In honor of Computer Science Education Week, an annual program dedicated to inspiring K-12 students to take an interest in computer science, and Hour of Code, a one-hour computer science tutorial that has become a global movement engaging tens of millions of students in over 180 countries, we want to introduce you to an exceptional inventor, educator and father—Mark Engelberg.
Mark Engelberg is a computer science teacher, former virtual reality researcher for NASA and inventor of Think Fun’s new board game Code Master, which teaches computer programming logic skills without a computer. He is also an outspoken advocate for exposing students to computer science at an early age.
What inspired you to create a game to help kids learn basic computer programming?
Shortly before my first child was born, some sort of paternal nesting instinct kicked in, a desire to make the world a better place in preparation for his arrival. As a professional computer game programmer, I felt that my knowledge of programming was something I could offer, something I could teach to the next generation. I called around to local schools, volunteering to teach computer science. Most schools were not interested – no room in their schedules. But I eventually linked up with the public school district's resource center for homeschool students and they were tremendously enthusiastic about my offer, so I began teaching there. The joy I got out of teaching completely transformed my attitude towards parenting, and I soon realized that I wanted to be home with my son so I could be there to teach him his first words, his first numbers, and whatever else came next. Conveniently, my wife was itching to get back to work, so we swapped roles: she returned to work and I resigned from my programming job to become a stay-at-home dad. Once a week, the moms at the homeschool center would keep an eye on my infant for a few hours so I could continue to teach there.
The homeschool center gave me complete freedom to teach using any method or curriculum that I wanted. So my teaching, both at home and at the homeschool center, became a sort of grand experiment. At school I tested various approaches to teaching programming. I used these results to guide the way I taught my son, and soon after, my daughter. In turn, when something worked with my own kids, I found a way to bring that approach to the classroom so other students could benefit.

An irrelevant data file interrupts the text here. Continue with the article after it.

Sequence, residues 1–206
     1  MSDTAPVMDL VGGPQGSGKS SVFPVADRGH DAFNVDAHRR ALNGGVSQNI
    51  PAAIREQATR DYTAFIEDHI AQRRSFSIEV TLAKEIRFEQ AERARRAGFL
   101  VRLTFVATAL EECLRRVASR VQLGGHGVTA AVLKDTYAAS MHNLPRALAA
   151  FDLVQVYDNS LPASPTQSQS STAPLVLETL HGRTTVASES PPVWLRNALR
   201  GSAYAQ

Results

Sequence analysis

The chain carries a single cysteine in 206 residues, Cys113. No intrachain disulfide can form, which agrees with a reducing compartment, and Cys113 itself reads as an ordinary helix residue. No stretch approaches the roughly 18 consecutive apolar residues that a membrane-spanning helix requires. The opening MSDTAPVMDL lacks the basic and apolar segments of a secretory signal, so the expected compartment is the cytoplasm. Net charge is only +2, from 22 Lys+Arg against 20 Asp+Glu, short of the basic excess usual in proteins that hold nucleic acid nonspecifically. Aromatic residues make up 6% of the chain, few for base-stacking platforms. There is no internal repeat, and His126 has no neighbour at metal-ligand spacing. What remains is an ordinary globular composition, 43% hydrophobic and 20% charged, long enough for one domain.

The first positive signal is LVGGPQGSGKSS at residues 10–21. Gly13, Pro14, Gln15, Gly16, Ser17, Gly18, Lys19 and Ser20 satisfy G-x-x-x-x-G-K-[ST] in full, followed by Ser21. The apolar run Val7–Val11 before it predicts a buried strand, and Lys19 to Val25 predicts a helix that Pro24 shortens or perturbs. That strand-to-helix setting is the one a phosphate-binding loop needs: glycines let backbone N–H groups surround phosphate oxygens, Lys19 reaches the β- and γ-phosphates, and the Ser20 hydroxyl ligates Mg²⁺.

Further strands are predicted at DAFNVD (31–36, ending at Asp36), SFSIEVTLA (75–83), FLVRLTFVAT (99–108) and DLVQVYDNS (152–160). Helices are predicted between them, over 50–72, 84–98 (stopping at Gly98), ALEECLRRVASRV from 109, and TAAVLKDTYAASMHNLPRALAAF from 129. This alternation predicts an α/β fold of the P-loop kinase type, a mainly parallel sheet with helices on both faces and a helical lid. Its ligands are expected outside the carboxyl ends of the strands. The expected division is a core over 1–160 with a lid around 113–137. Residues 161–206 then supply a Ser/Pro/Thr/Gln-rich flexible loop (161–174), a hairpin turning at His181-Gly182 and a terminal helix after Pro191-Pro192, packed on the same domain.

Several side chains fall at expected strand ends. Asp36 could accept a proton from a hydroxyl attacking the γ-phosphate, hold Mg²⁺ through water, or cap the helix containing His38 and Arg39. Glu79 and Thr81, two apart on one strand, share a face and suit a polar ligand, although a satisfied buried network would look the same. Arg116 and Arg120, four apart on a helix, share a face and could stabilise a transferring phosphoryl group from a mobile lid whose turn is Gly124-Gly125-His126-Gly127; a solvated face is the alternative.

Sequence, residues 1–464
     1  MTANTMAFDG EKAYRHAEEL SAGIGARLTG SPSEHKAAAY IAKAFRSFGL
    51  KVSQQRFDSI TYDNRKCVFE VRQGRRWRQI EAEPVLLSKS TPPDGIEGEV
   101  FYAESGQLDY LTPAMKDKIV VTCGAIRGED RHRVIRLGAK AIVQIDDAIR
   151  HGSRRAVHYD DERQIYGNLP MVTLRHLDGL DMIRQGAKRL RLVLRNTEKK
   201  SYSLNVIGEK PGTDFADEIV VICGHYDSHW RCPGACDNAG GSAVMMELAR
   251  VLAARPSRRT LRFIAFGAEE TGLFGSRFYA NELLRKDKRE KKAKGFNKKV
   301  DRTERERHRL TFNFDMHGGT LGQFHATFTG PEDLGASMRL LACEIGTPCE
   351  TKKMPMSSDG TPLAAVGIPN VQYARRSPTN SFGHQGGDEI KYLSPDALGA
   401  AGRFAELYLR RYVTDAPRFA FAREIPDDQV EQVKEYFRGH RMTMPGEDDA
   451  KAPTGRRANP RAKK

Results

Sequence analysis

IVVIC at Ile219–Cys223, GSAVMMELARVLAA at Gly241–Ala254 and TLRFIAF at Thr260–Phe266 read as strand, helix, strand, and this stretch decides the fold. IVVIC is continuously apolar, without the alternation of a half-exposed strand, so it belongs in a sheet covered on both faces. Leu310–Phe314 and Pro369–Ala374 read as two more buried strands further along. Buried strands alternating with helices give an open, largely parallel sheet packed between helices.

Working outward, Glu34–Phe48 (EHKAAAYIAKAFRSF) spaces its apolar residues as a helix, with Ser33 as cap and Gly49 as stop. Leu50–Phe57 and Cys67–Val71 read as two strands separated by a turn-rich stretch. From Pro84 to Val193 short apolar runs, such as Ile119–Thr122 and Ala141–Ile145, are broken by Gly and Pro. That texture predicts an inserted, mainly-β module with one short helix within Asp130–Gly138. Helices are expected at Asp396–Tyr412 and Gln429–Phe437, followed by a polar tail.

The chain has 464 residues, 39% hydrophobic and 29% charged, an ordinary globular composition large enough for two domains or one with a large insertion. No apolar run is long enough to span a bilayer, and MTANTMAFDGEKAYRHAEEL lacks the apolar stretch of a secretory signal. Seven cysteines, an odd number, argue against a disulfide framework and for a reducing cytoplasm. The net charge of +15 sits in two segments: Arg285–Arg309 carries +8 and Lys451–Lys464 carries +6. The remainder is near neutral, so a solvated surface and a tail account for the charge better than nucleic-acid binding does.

As my kids got older and I started to have a little more free time, I got back into the game design business. As a parent, I had experienced first-hand how hard it was to restrict kids to a reasonable amount of “screen time,” so this time around, I focused on developing board games and puzzles, rather than computer games.
Code Master was the culmination of many years of thinking about how to design a fun and educational programming experience that wouldn't require a computer.
Do you think kids need a computer to be proficient in computer science?
Can you master computer science without ever touching a computer? No. But do you need to be at a computer all the time? Absolutely not. I had a professor who frequently reminded us that “a good programmer does his best work away from a computer.” One of my programming heroes, Rich Hickey, coined the phrase “hammock time” when he implored programmers to spend plenty of time lying in a hammock thinking about a problem before sitting down at a computer to program.
I believe that the best educational experience for kids is to mimic what the best computer scientists do – spend a lot of time thinking away from the computer, and then test out ideas by programming at a computer. Both parts matter.
I created Code Master to give kids an opportunity to practice the thinking part – the ability to plan out a program away from the computer, think through the steps, and know exactly what your program will do before you ever run it.
What do you think are the greatest benefits of learning computer science at a young age?
Learning computer science helps develop powerful problem solving and critical thinking skills. Computer scientists have a unique way of looking at things, identifying the essential steps of solving a problem in order to solve new variations with ease. Learning this process early gives kids an edge in every academic subject they encounter.
How has fatherhood influenced your work in this field or vice versa?
The biggest way that fatherhood influenced me was to see how my son and daughter, despite having very different personalities and interests, both benefited from learning computer science at a young age. My son shared my passion for computer science; starting early helped him reach his full potential. My daughter wasn't as interested in the subject, but I continually see ways in which those early programming experiences sharpened her problem solving skills. This has strengthened my conviction that all kids deserve to be exposed to computer science early in life.
If we asked your son to tell us something about you, what do you think he would say?
Over the past couple of years, my son and I have had the opportunity to collaborate on open-source programming projects, and give talks together at local programming meetups and national conferences. Although he is still a teenager, he is already a respected professional software engineer. I think of him as a colleague and thoroughly enjoy working with him. I value his opinion and frequently consult him for advice. My hope is that he'd say the same things about me.